By: Jen Rossi
The one thing to always bear in mind when you listen to the Mozart Requiem is that he didn’t write all of it. He wrote the first movement but his unfinished manuscripts had to be used to actually finish the work.
Wolfgang Amadeus Mozart was commissioned by a secretive person (we now know it was a rather eccentric Count von Walsegg-Stuppach, and through intermediaries) to write a Requiem and was given half his commission in advance. He set about this task in mid-1791 when he still had quite good health.
Mozart was a great composer of repute by this time, at the age of only 35, and had completed a vast list of compositions, from piano concertos to string-quartets, sonatas to operas, symphonies to solo works. Perhaps his Mass in C minor, written in 1783 and an immediate success was the reason the Count wanted Mozart’s music for himself?
However there is possibly another explanation. The Count was a very rich aristocrat who was also an amateur musician. He had a habit of commissioning works from composers of the day and passing them off as his own. His young wife of 20 years old died in February 1791 and he sent an anonymous messenger to Mozart soon afterwards requesting him to compose a requiem mass.
Walsegg-Stuppach intended to have the mass performed as his own, once completed, he being only 28 at the time, never to remarry.
Mozart died before he could complete this epic work, although he left quite a few manuscript pages showing what he was thinking of, some in quite a bit of detail, enabling the work to be completed by others.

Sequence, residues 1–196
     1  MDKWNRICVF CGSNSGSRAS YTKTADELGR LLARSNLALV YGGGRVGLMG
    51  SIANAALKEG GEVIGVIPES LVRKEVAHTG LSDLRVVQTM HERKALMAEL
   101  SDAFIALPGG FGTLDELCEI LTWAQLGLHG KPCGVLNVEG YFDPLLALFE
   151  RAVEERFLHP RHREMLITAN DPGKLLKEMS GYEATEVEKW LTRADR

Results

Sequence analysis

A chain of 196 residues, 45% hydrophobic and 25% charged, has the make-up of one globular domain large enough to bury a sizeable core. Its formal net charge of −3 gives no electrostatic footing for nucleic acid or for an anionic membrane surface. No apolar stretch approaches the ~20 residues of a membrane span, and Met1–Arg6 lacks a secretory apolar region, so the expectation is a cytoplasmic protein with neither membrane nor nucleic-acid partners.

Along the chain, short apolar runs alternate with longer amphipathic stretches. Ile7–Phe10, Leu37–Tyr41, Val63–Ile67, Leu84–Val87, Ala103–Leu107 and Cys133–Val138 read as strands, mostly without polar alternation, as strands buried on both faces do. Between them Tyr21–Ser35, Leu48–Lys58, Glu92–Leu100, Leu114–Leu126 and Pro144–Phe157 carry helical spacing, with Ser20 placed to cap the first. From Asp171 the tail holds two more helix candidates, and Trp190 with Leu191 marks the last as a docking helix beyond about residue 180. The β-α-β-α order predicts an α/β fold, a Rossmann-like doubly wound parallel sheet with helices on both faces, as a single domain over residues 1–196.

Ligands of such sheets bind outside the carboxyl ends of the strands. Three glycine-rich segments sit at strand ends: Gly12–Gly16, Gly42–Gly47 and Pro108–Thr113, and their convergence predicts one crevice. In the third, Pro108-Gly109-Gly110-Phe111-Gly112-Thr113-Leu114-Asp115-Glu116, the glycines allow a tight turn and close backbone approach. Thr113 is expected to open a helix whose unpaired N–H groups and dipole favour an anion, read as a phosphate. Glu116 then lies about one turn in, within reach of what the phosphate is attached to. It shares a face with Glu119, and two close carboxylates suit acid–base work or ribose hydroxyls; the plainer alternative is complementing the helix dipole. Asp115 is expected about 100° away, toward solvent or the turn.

Constanze Mozart, after Mozart’s death, was keen to get the work finished because of the 50% still owing upon completion. She asked Joseph von Eybler, a friend and pupil of Mozart to finish the score. He did some work on it but, because of his own composing, felt he was unable to complete the work and returned it.
Franz Xaver Sussmayer, another friend and pupil of Mozart’s was then given the task of finishing the work.
Using Mozart’s original drafts, Eybler’s additional work, both his own competency and the fact that he had been taught by Mozart, he finished the requiem. He had to add the movements which would be normal in a requiem, whilst ending with adaptations of the first two movements.
It has been thought that other composers may have helped either orchestrate or assist Sussmayer in this task but we will probably never know, and this was denied at the time. When finished by Sussmayer in 1792 the score was quickly sent to Count Walsegg with the counterfeit signatures and initials of the dead Mozart.
Wonderfully controversial, particularly if one looks into what was occurring at the time, the music actually speaks for itself. Mozart stands out as being spectacular whilst the other ‘helpers’ to complete the requiem show less of the Great composer than the pupil or pupils who are trying hard to live up to the Master’s expectations.
The Mozart requiem is a fabulous work which becomes even more interesting when you know a bit about it. Have a listen and see if you can spot the difference.